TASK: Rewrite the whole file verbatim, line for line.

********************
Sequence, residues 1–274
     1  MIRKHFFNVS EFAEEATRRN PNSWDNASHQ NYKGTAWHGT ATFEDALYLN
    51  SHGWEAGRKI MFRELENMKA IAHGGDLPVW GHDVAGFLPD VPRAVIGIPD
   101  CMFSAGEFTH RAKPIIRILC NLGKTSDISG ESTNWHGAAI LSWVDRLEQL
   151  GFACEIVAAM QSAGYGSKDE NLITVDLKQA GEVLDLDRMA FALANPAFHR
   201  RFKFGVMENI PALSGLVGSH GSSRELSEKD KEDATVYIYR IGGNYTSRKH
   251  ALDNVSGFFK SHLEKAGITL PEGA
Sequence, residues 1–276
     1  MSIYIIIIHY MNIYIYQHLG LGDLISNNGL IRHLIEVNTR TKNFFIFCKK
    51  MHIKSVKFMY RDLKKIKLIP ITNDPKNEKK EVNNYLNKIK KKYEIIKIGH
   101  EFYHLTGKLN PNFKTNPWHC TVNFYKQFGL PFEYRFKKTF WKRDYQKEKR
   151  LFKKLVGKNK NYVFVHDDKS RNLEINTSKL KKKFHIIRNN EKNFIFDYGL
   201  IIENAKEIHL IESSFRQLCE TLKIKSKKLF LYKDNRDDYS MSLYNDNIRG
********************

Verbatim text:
Sequence, residues 1–274
     1  MIRKHFFNVS EFAEEATRRN PNSWDNASHQ NYKGTAWHGT ATFEDALYLN
    51  SHGWEAGRKI MFRELENMKA IAHGGDLPVW GHDVAGFLPD VPRAVIGIPD
   101  CMFSAGEFTH RAKPIIRILC NLGKTSDISG ESTNWHGAAI LSWVDRLEQL
   151  GFACEIVAAM QSAGYGSKDE NLITVDLKQA GEVLDLDRMA FALANPAFHR
   201  RFKFGVMENI PALSGLVGSH GSSRELSEKD KEDATVYIYR IGGNYTSRKH
   251  ALDNVSGFFK SHLEKAGITL PEGA
Sequence, residues 1–276
     1  MSIYIIIIHY MNIYIYQHLG LGDLISNNGL IRHLIEVNTR TKNFFIFCKK
    51  MHIKSVKFMY RDLKKIKLIP ITNDPKNEKK EVNNYLNKIK KKYEIIKIGH
   101  EFYHLTGKLN PNFKTNPWHC TVNFYKQFGL PFEYRFKKTF WKRDYQKEKR
   151  LFKKLVGKNK NYVFVHDDKS RNLEINTSKL KKKFHIIRNN EKNFIFDYGL
   201  IIENAKEIHL IESSFRQLCE TLKIKSKKLF LYKDNRDDYS MSLYNDNIRG